Making Dreams a Reality

Making Dreams a Reality

Architect Jeff Page has traveled the world finding inspiration for his modern designs

By Sherry Jackson

From the Scottsdale Airpark to Bali, Africa, India, Spain, Abu Dhabi and Dubai, architect Jeff Page has provided a solid vision and stunning designs for many high-end commercial and residential projects across the world.

Page has been an architect for more than 30 years. He studied architecture in Syracuse before moving to Arizona in 1988 to further his architectural studies at ASU. Then he returned to New York where he spent eight years practicing architecture and learning the craft at the drafting boards, just before computers entered the game.

“I always had a love for the desert and had a yearning to return to Phoenix,” he says.

Page founded his boutique Scottsdale-based company, SpaceLineDesign Architects, in 1996 and has designed several buildings in the Airpark. One project incorporated an aeronautical theme for 10,000 square feet of commercial office space for a private financial institution on the east side of the runway. He also designed a modern kitchen and bath showroom on the west side of the Airpark.

Page specializes in modern and contemporary designs and likes to include decorative architectural elements to his projects. About 80% of his work is design/build for residential and commercial clients and the rest is focused on master planning and conceptualizing designs for developers. Parametric design, a process based on repeating geometric designs, is prevalent in Page’s work and yet he never repeats a design, always giving his clients a truly unique product.

“I like to have a very special journey in the home when you go to the master bedroom. I like to have a certain hierarchy to the house,” Page says. “The foyer is your orientation point, but I don’t like to reveal all the views at once. I like it to be more of a journey as you progress through the home. I also always like to have an element of custom art or architecture or texture that form a transition into another area.”

One of his first projects in Arizona was a 2,100-square-foot cabana for a local attorney at Phoenix’s Biltmore Circle. The cabana was featured on HGTV, as well as published in several magazines and books.

“It was very creative, very stylish and crafty,” he says. “That was a nice, good start.”

In 2008, Page and his wife, Mahsa, who is an interior designer (they frequently team up on projects together), had an opportunity to move to Dubai.

While there, Page had his hand in designing, consulting and managing luxury residential and iconic commercial developments, including one of the largest upscale BMW/Rolls Royce dealerships in the world in Abu Dhabi. Page also provided on-site architectural guidance for a five-star hotel on the West Crescent of Palm Jumeirah, including a beach-side restaurant, large resort pool and themed water park.

“We had a great chance to work on some really amazing and interesting large, commercial, billion-dollar-range projects,” Page says. “I went from creating office spaces in the Scottsdale and Phoenix area, to managing the evolution of a project that included 21 towers that were 24 stories each.”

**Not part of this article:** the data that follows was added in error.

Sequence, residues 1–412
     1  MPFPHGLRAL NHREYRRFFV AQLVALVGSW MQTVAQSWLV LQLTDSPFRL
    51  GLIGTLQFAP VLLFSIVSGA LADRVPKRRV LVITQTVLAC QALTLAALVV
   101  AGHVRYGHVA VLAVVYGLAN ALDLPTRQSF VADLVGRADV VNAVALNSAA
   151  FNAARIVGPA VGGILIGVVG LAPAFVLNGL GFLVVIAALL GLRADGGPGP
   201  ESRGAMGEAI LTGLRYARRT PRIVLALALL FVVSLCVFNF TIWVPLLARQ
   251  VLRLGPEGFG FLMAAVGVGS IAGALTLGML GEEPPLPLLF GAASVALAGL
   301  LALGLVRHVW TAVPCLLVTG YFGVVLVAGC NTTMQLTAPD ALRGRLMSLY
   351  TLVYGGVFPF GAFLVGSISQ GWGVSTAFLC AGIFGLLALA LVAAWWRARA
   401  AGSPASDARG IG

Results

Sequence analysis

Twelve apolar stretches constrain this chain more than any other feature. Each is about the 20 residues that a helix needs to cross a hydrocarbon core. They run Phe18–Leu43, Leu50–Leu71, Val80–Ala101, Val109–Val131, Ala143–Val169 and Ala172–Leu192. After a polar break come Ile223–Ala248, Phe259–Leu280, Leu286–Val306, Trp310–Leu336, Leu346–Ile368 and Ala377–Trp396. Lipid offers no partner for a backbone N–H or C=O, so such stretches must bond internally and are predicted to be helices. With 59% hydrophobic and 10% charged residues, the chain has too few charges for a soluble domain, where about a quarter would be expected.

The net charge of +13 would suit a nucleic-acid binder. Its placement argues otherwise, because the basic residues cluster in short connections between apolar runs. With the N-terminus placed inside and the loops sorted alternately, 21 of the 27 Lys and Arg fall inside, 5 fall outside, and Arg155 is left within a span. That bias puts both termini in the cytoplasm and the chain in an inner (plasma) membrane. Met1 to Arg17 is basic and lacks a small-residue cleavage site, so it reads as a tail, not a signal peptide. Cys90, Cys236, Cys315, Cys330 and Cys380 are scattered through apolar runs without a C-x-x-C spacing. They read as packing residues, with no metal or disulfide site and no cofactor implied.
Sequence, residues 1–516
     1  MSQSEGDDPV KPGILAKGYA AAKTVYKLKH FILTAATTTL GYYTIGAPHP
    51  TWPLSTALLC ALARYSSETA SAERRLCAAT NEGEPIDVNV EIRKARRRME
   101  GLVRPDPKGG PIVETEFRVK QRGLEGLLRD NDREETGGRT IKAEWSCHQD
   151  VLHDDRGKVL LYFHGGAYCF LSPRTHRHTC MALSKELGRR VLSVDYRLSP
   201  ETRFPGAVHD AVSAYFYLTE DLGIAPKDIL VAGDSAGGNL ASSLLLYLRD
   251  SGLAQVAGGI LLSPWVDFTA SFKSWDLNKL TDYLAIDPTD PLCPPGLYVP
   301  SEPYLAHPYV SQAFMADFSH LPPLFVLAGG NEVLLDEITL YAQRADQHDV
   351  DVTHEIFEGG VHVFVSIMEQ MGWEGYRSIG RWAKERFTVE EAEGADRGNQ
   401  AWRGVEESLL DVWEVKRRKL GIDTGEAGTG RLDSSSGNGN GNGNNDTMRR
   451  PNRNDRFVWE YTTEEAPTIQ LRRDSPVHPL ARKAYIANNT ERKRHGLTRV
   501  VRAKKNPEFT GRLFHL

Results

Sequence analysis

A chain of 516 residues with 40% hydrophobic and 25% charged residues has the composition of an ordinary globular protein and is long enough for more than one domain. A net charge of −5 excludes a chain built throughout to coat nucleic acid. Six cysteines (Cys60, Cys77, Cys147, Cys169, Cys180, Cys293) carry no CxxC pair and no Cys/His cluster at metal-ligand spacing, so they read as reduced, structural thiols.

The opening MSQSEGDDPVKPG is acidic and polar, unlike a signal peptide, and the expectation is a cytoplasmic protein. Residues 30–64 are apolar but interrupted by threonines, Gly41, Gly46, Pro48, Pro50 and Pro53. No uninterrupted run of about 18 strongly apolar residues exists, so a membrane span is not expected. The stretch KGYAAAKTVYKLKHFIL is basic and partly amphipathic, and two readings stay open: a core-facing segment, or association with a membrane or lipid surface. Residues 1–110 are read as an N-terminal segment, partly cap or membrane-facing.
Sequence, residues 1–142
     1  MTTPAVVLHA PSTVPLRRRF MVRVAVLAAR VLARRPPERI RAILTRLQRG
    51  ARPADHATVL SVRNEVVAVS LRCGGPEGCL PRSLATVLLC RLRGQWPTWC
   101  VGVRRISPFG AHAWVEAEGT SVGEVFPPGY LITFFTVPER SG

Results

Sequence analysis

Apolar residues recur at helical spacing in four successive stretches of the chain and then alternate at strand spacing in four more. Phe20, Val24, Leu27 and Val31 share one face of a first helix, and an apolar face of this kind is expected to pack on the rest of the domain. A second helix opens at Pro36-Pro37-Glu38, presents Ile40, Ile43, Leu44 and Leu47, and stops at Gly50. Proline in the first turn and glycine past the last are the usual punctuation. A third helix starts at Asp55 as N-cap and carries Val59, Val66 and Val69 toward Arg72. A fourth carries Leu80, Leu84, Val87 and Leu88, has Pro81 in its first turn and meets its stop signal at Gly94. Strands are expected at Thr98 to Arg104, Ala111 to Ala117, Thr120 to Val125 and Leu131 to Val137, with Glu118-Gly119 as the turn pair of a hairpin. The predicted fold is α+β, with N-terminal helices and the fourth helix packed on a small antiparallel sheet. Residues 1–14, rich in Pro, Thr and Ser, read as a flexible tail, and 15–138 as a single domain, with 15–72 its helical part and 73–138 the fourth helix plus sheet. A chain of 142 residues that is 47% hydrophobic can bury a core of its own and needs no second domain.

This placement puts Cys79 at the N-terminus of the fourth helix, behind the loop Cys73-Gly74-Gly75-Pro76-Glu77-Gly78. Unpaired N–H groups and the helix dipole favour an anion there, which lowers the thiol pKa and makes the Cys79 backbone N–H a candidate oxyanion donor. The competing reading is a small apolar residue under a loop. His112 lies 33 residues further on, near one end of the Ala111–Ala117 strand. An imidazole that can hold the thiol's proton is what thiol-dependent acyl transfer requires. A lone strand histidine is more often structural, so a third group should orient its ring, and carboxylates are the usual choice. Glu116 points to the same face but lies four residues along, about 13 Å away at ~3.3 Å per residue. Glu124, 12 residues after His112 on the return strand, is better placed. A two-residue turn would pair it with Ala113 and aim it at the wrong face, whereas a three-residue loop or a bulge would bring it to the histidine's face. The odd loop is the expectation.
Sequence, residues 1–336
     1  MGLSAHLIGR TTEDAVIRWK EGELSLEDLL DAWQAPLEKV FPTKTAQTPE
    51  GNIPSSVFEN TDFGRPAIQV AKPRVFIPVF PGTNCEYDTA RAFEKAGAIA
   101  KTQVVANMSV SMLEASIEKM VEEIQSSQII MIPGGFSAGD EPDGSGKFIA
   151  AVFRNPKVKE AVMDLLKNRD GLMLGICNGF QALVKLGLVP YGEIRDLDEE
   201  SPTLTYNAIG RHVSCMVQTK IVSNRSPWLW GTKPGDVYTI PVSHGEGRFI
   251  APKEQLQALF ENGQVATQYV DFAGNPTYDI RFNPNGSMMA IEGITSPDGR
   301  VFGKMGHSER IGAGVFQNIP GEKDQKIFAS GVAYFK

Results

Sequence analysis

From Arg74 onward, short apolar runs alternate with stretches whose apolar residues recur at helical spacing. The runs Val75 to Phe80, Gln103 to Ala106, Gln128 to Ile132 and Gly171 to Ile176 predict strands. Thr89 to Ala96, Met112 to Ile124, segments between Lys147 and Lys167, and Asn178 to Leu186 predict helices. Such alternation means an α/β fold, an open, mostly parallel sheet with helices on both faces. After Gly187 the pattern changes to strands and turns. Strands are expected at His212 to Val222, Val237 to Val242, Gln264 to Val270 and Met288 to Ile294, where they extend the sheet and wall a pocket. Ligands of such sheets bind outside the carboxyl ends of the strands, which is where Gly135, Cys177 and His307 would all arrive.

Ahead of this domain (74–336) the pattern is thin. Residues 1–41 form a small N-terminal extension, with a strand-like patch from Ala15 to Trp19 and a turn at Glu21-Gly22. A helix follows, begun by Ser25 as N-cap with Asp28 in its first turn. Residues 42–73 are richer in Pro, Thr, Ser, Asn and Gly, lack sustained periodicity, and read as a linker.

Page says he learned a lot from his experiences in the Middle East. “Dubai is very cutting-edge and very fast-paced. They hire the crème de la creme of consultants, so I was always working with the best of the best and with the latest technologies.”

While residing in Dubai, Page traveled to the Democratic Republic of Congo (DRC) as a senior delegate to engage government officials, open up diplomatic channels and provide an evaluation on existing and future infrastructure such as deep water ports, rail, roads, major undeveloped land tracts and project development in Kinshasa and throughout the DRC.

A project in Bali provided Page the opportunity to design a 15-acre, exclusive cliff-side property for a 54-room, six penthouse suite, luxury resort hotel with 25 private villas for an Indonesian hospitality development company. He also designed 21 luxury villas and a 45-room boutique hotel for the 32-acre private island of Gili Nanggu in Lombok, Indonesia.

Technology plays a strong role in his business and Page enjoys using cutting-edge applications, including building information modeling, 3D flyovers and virtual reality. Customers can don a VR headset and do a 3D virtual walk-through of their home, office or building he has designed.

For residential projects, Page incorporates the newest features in his designs such as wine rooms and game rooms, high-thermal energy efficiencies and water features. For commercial projects, air conditioning efficiency with well-balanced, thermostat-controlled rooms play a big factor as does posh amenities such as showcase-type clubhouses and features for residents in master-planned communities.

“We strive for that unique, custom look. There’s also a certain level of DNA that comes from an architect’s past and future. Our experience in the Middle East provides a level of luxury, of thoughtful, elegant geometries. I like homes that have a poetry to them.”

Currently, Page is working on a luxury home project in Fountain Hills, a few doctors’ offices and a vegan restaurant/rock ‘n’ roll bar in Tempe. He’s also working with a developer to find land for a small 12-luxury villa community centered around a common area somewhere in Phoenix.

“We’re not about trying to max out density,” Page says. “I like to have a lot of landscaping and trees. I like to provide a sense of place.”

Page, like many architects, has a dream project he’d like to see completed one day: a 200-person, underwater restaurant he’s dubbed MantaSea. Page has already come up with the concept design and is just waiting for an investor and developer to make his dream a reality.

“Architects like to dwell in fantasy, but we’re always brought back to reality, by reality.” ν